I then take doubled sided carpet tape and cover the bottom of each plastic strip with one continuous piece of tape. The protective film is then removed exposing the remaining adhesive and the plastic strip is glued in position to Formica surface of the bagging board. Place the remaining three strips the same way so you have an enclosed rectangle.

Now prepare your fiberglass layup as you would normally. Apply a good brand of mold release or carnauba wax to the exposed surface of the board and lay the prepared layup in place, peel ply face up if it has one. Apply any bleed material you think you might need (stuffing material from upholstery shops works great) Cover the plastic rectangle with a sheet of thin bagging film, without cutting it to size. Using that spline special tool that looks like a grooved pizza cutter. press a length of plastic spline through the film and into the channel. Be sure to pull the film as tight as you can as you work your way around the board. The less air you trap inside now and the less time your pump will spend evacuating the layup of air.

The corners where two plastic strips meet can sometimes pose a problem. I solved that by carefully folding the film at those corners and securing them with duct tape. All that’s left now is to make a small cross shaped incision in the film that will allow you to attach the vacuum fitting. Attach the hose from your vacuum pump and you are ready to go. On Larger layups requiring more than one fitting, I machined a manifold from a block of 6061 and attached it over head with a section of window sash chain and metal clips from a shower curtain rod. If done properly, the carpet tape will be sufficient to prevent leakage. I tested mine by pulling a high vacuum, turning off the pump, turning off the supply valve and noting the time. I went in the next day, pulled off a hose fitting and put my ear near the valve as I opened it. Whoosh!! Neat! On odd shapes, on large ones needing multiple suction points, I don’t cut the film as I don’t use the special film attachment device. Instead, I slip a piece of three-eighths metal or plastic tubing into a section of hose that goes to the previously discussed manifold. I position the tubing at one edge of the film with a tablespoon size wad of glazing putty, Plastelene from an arts and crafts store or similar material (Silicone caulk is messy and needlessly expensive). That seals the bottom of the tubing. I then tape the film to the table with duct tape. Common sense will guide you here.

If you are careful, you can use the same film over and over, something that’s appreciated given the high cost of autoclaving materials and bagging devices in the small volumes home builders buy. The plastic strips can usually be removed and repositioned to support different shapes and sizes. If you have a problem removing them from the Formica top, apply a little heat from a hair dryer to one end. Once you get it started, the rest should come off easily. Typically, a 3 foot by 5 foot example of this set up can be built for under thirty five dollars.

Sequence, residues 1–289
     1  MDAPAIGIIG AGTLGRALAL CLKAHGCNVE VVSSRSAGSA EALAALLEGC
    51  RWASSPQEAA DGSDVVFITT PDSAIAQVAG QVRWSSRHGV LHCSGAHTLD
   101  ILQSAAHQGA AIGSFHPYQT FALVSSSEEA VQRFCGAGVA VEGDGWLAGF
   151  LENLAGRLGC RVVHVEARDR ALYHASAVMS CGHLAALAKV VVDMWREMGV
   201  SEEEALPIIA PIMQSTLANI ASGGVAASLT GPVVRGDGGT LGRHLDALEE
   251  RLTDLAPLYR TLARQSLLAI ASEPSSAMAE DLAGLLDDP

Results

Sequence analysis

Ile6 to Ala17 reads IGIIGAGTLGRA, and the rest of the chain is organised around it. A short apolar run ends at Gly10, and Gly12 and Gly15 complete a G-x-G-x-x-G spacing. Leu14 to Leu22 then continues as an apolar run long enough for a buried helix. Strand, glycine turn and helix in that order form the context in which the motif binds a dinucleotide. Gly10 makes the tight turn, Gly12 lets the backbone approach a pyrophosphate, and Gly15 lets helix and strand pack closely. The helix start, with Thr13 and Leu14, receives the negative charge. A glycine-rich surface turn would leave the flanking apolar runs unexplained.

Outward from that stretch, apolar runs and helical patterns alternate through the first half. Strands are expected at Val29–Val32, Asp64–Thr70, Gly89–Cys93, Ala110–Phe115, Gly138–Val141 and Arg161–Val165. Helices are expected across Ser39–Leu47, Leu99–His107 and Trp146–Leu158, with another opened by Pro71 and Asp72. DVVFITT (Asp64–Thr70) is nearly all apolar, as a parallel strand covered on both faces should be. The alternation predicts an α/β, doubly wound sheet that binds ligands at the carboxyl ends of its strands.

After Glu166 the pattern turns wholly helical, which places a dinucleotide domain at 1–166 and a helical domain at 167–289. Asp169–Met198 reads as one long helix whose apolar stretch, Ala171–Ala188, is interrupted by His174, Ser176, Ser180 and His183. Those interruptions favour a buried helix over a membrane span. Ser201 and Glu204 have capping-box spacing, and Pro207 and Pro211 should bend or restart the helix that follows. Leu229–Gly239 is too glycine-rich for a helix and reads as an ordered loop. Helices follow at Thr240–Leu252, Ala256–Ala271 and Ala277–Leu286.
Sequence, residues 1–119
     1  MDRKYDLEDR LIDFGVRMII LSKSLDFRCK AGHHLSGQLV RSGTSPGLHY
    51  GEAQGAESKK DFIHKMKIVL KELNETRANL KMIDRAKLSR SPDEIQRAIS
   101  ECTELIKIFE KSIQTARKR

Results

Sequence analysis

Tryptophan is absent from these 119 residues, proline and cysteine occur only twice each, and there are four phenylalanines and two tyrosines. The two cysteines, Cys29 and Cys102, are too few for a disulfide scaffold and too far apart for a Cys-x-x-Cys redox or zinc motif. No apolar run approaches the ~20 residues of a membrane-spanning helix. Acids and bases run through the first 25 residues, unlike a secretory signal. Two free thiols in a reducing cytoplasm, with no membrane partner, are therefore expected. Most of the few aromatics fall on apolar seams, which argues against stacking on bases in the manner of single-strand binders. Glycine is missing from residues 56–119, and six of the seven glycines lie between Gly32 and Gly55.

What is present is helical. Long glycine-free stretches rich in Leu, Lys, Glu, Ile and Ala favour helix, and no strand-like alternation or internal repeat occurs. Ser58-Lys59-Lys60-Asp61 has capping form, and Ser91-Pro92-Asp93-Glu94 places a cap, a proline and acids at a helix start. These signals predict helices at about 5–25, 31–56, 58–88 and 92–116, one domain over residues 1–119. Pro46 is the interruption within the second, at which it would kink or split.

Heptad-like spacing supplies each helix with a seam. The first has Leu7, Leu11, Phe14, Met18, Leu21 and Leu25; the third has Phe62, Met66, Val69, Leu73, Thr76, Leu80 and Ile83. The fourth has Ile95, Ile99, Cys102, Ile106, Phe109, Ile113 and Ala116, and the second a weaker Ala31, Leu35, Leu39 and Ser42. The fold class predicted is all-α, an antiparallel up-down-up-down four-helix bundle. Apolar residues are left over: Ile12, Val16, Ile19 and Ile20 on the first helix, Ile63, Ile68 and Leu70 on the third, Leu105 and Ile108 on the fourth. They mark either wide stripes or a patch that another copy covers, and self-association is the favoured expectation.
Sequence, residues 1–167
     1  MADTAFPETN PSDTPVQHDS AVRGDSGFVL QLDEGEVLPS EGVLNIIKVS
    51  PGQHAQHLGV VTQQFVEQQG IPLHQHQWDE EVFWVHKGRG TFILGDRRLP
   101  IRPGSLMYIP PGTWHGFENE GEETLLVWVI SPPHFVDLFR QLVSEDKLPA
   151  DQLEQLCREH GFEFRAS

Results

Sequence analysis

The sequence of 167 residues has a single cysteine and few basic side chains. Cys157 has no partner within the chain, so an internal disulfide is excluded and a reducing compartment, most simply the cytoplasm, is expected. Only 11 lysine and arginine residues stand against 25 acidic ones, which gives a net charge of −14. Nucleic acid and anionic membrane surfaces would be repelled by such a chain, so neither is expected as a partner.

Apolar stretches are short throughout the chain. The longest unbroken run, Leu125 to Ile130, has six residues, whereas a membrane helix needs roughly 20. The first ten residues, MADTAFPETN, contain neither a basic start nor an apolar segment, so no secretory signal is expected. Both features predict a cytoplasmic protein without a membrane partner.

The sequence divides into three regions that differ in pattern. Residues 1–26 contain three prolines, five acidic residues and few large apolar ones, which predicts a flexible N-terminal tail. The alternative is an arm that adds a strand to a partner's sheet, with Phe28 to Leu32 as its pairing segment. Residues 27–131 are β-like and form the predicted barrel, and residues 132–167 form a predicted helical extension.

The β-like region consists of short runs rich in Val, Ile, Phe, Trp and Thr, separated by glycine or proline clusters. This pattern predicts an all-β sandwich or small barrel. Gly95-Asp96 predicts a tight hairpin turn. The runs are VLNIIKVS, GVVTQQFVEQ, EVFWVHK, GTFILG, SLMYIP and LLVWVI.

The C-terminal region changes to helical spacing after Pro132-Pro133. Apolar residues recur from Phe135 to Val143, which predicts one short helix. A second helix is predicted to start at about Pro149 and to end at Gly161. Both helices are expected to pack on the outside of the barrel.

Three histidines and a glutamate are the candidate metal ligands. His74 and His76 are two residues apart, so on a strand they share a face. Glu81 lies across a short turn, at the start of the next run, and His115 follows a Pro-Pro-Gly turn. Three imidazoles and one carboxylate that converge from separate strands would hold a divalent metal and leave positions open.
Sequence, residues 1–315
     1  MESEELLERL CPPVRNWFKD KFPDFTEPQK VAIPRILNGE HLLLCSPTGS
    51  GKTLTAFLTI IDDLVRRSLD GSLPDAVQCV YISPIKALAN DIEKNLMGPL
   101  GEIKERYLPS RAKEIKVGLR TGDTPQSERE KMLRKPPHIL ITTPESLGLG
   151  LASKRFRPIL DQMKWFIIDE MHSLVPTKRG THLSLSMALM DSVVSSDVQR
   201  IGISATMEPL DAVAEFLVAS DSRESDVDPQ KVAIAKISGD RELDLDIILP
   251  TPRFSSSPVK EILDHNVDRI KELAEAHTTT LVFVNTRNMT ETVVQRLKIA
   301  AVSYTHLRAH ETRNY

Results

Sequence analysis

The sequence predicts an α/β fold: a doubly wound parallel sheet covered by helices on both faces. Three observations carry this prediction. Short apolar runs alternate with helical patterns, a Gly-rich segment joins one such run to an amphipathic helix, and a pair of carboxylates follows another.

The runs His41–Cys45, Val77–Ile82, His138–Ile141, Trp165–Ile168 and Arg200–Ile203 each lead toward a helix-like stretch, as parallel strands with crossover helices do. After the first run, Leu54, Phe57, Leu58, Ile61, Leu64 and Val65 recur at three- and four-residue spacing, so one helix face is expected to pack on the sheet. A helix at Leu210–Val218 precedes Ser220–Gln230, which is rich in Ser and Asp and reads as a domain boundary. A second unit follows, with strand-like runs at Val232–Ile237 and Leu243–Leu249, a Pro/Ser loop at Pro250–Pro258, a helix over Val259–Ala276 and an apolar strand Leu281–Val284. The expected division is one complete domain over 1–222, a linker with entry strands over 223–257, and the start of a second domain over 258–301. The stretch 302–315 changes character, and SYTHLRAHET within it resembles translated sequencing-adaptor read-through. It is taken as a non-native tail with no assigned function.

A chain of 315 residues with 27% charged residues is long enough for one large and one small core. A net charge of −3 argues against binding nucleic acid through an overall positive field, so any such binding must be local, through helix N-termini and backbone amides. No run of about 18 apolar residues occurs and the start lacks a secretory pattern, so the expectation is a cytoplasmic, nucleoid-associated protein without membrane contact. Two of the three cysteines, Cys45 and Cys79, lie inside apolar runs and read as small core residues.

One word of caution: While 15 pounds of atmospheric pressure can really contribute significantly to the production of very light and strong parts, make certain they are flat to begin with. If they are not, and you apply that kind of pressure, THEY SOON WILL BE! Also: you can reduce the amount of epoxy by as much as fifty percent, depending on the speed with which your vacuum system can pull air. Don’t waste your time or money using canister vacuum cleaners. Besides being ineffective, the canister vacuums depend on a constant supply of moving air to cool the electric motors. Once the bag is empty of air, the motor will overheat and burn out or, if equipped with a thermal switch, shut off. Get the right tool for the right job. In the long run it’s cheaper.

Last: resist the temptation to remove any peel ply until you need the panel. The peel ply will keep the surface clean while it’s in storage. Have fun!

–The Canard Aviators’s Mailing list

Saving resin: I have been able to extend the life of promoted resin for months by flooding the the storage container (large wine jug-glass-) with an inert gas, nitrogen in this case, and keeping it in the garage refrigerator. With a generous application of vinyl electrical tape around the cork seal, no odor has escaped to the beer. So far the N2 prohibits condensation–no air, no water.

– Bill Wilson, #5278